This week two popular online sites suffered hacks, exposing sensitive customer data.

Flipboard, a popular news aggregation app, confirmed that it had seen unauthorised access to databases containing some users’ account information, including full names, usernames, hashed passwords and email addresses.

There is no evidence of unauthorised access to digital tokens used to connect Flipboard accounts to third-party accounts (such as Facebook).

As a precaution, all passwords have been reset and digital tokens have been replaced or deleted.

Elsewhere Canva, a Sydney-based online graphic design service, suffered a hack which exposed details such as customer usernames, real names, email addresses, and city & country information. Hashed passwords and Google tokens for some users were also present in the database.

Well-known hacker GnosticPlayers has claimed responsibility for the Canva hack, which has potentially affected 139 million users around the world.   

We recommend that customers of both sites update their passwords. Now would also be a good time to check if your account has appeared in any other public data breaches. Visit Have I Been Pwned, enter your email address and go from there.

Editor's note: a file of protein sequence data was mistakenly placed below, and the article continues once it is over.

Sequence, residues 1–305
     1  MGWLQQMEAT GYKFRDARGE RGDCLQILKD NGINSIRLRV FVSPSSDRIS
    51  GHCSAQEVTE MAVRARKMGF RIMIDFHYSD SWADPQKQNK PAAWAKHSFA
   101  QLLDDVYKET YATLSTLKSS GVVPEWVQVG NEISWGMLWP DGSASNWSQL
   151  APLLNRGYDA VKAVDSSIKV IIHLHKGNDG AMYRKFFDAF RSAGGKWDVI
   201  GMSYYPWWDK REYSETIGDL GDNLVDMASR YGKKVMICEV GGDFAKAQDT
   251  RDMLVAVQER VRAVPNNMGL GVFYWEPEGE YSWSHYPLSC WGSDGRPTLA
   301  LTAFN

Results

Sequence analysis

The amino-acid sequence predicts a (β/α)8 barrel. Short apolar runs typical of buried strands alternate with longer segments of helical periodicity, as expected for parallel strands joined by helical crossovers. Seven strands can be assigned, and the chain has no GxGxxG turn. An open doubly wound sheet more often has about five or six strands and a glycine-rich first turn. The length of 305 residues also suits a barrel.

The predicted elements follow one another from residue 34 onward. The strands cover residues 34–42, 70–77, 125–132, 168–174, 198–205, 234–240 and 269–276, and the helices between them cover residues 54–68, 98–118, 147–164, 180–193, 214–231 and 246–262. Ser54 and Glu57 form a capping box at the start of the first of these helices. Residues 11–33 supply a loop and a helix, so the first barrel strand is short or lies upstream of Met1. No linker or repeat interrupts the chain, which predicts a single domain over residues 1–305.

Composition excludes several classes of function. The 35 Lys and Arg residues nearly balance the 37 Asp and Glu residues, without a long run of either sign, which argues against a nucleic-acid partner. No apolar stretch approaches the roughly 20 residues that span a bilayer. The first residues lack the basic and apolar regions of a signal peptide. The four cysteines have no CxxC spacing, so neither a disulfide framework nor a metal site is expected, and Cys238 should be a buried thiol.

The NCSC has published analysis of the 100,000 most commonly re-occurring passwords that have been accessed by third parties in global cyber breaches.

Password re-use is a major risk that can be avoided – nobody should protect sensitive data with something that can be guessed, like their first name, local football team or favourite band. Using hard-to-guess passwords is a strong first step and we recommend combining three random but memorable words.

Windows vulnerability still affecting nearly 1 million computers

A couple of weeks ago we wrote about a Remote Code Execution vulnerability (CVE-2019-0708) in our threat report, but to date almost a million computers are still vulnerable.

The vulnerability, which was privately reported to Microsoft by the NCSC, affects older versions of Windows and it poses a serious threat. The NCSC works with vendors to help mitigate critical security issues before they cause real harm. We have a history of disclosing vulnerabilities to major software vendors and the disclosure of CVE-2019-0708 to Microsoft is an example of that.

The vulnerability, which has been dubbed BlueKeep, has gathered more traction in the mainstream press this week. You can read further detail in the Threat Report issued on the 17th May, but our advice still stands – keep your systems up-to-date and patched.

Organisations and individuals should apply Microsoft’s May security patches as soon as possible. In particular, organisations should focus on the following:

  • external facing RDP servers
  • critical servers such as domain controllers and management servers
  • non-critical servers but those with RDP enabled
  • the rest of the desktop estate

Further information about the May 2019 security updates can be found on Microsoft’s website.